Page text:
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A New Kind of Community

My family and I just got back from ten days at our annual “dance camp.” This gathering, which has been happening for more than 30 years, is about dancing, but more so, it’s ten days of living like a village in a tight knit, inclusive and caring community. My oldest son had a great summer this year: Jewish wilderness camp, basketball camp, beaches and more. He loved all of them, but he said that dance camp was the best: it was because he got to hang out with a tight group of teens who spent a ton of time together dancing (he’s becoming a great salsa dancer!), ...

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Tree of Knowledge, Tree of Life

My work at Organic Torah starts with asking a question about chochma/Jewish wisdom: Must the Tree of Knowledge be separated from the Tree of Life? The Tree of Knowledge is what we have become used to in much of our Western education—it begins with breaking things apart into smallest components. Our education system is divided into discreet subjects: math, science, English—too often devoid of context and the vibrancy which comes from what Gregory Bateson called “the pattern which connects.” And if we go to college or grad school we might study a “discipline” ...

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Is Eating Meat a Mitzvah That Comes From an Aveirah (Sin)?

Judaism places much stress on performing mitzvot, carrying out God's commandments. However, a "mitzvah haba'ah b'aveirah" - a mitzvah based on an aveirah (sin or "illegitimate means") - is forbidden and is not considered a mitzvah. For example, if one uses a stolen lulav and esrog on Sukkot, it is not a proper mitzvah. Similarly, if money is stolen, it cannot be used to give tzedakah (charity). In fact, the sages indicate that it is better not to do the mitzvah at all than to do a mitzvah haba'ah b'aveirah. Eating meat is arguably a mitzvah haba'ah b'aveirah, actually ...

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A Dialogue Between a Jewish Vegetarian Activist and a Rabbi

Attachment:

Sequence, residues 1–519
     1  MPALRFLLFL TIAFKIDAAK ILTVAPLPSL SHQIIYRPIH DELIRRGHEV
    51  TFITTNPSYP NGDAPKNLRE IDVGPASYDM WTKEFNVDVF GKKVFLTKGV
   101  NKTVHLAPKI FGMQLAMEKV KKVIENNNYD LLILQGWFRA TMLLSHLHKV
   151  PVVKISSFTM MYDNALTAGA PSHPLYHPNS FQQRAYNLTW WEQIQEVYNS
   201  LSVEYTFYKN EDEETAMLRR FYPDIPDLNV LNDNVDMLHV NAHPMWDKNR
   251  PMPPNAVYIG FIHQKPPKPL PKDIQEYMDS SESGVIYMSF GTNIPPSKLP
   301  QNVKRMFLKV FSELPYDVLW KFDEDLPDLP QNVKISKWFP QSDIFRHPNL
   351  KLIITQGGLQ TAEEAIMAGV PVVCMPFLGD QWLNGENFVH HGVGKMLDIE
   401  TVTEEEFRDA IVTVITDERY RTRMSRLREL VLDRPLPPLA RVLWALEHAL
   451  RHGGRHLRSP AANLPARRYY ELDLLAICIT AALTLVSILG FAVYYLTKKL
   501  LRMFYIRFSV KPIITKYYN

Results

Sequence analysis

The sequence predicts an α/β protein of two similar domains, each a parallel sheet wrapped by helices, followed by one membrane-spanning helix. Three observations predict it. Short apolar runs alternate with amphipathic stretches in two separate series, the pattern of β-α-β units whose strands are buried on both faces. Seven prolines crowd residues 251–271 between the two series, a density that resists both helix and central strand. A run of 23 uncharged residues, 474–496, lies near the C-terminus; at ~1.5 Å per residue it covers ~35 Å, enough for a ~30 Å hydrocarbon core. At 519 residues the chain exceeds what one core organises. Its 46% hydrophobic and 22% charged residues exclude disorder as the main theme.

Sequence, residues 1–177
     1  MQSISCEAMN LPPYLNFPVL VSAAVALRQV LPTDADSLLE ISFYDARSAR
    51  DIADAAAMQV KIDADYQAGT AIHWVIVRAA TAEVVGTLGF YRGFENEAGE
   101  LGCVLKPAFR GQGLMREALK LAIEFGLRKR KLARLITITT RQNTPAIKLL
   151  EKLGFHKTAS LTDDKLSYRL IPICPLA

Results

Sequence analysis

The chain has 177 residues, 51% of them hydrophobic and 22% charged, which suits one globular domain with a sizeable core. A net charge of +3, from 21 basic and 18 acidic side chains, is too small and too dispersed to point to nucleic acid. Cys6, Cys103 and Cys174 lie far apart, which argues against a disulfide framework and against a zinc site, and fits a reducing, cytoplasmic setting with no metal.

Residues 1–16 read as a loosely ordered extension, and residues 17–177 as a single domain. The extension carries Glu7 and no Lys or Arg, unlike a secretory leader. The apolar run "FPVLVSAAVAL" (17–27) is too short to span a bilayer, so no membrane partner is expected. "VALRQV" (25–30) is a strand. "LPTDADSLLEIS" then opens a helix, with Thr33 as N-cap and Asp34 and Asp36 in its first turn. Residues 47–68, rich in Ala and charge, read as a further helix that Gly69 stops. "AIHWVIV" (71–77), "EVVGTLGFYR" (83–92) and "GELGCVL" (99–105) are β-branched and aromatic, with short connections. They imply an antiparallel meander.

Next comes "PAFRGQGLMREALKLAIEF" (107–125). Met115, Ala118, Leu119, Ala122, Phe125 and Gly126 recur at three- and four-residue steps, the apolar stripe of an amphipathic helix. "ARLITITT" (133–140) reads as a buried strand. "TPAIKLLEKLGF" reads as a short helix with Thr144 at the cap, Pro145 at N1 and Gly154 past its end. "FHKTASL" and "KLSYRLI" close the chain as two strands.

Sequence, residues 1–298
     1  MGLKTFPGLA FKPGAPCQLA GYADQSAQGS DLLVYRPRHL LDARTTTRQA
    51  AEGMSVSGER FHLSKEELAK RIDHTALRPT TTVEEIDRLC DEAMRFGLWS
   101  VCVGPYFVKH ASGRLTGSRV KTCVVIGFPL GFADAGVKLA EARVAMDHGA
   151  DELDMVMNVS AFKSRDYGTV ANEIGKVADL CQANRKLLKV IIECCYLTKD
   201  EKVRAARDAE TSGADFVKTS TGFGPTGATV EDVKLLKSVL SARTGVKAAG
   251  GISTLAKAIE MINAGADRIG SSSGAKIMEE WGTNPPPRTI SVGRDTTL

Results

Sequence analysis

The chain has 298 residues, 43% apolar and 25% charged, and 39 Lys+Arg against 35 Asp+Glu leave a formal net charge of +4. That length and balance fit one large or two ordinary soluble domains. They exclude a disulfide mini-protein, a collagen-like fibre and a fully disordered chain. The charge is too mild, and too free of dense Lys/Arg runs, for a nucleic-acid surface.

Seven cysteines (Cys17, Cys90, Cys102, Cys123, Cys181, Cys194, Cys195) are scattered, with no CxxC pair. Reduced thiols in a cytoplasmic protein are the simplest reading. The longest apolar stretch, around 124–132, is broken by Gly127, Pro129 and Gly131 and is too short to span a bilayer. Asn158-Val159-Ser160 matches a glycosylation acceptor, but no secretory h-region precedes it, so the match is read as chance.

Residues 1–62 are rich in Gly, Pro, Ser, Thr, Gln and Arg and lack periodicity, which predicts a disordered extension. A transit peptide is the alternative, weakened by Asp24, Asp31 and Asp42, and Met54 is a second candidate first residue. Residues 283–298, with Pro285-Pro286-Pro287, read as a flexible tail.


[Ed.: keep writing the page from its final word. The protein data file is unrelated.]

For a long time, I have been trying to start a respectful dialogue in the Jewish community. Because I have had very little success, I am presenting the fictional dialogue below. I hope that many readers will use it as the basis of similar dialogues with local rabbis, educators, and community leaders. Jewish Vegetarian Activist: Shalom rabbi. Rabbi: Shalom. Good to see you. JVA: Rabbi, I have been meaning to speak to you for some time about an issue, but I have hesitated because I know how busy you are, but I think this issue is very important. ...

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Eighteen Reasons Jews Think They Should Not Be Vegetarians (and Why They Are Wrong)

1) The Torah teaches that humans are granted dominion over animals (Genesis 1:26), giving us a warrant to treat animals in any way we wish. Response: Jewish tradition interprets "dominion" as guardianship, or stewardship: we are called upon to be co-workers with God in improving the world. Dominion does not mean that people have the right to wantonly exploit animals, and it certainly does not permit us to breed animals and treat them as machines designed solely to meet human needs. In "A Vision of Vegetarianism and Peace," Rav Kook states: "There can be no doubt in the ...